We believe these observed characteristics relate to major differences in sea water chemistry, organic input and most importantly differences in the water masses between the boreally influenced northern waters (West of Shetland and the North Sea) and the Tethyan influences in the basins further south (Eastern Canada, Lusitania and the Porcupine Basin).
Fluid Quality Prediction and Field Density Mapping
Having established the source and post-generative history of the observed hydrocarbons, can geochemistry help in the development of these discoveries?
Knowing the gravity, density and viscosity of the accumulation is key to effective production. The proxy oil approach can also be of value to the development of the resources found. Proxy oils extracted from cuttings are ideally suited to make predictions about the type of oil encountered without having to acquire a physical sample for PVT and assay. This can be particularly helpful where the oils are degraded by bacterial activity as it becomes possible to determine the probable density (API gravity) and viscosity, key parameters to assess in development (Figure 6).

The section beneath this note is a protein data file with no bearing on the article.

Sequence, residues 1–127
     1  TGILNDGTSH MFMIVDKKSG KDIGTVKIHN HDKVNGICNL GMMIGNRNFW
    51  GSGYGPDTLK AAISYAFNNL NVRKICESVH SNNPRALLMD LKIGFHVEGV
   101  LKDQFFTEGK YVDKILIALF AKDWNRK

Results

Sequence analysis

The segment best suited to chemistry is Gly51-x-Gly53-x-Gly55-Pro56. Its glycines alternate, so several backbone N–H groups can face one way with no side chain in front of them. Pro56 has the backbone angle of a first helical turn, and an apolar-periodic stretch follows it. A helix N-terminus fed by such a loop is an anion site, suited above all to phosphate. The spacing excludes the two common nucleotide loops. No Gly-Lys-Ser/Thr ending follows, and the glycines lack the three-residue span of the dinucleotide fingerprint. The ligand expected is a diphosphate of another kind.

This approach has been used in many projects where core or cuttings from legacy wells have been utilized. It is to be noted that having access to high quality laboratory procedures enables us to establish a positive relationship between the measured gravity of flowed oils and proxy oils extracted from core or cuttings.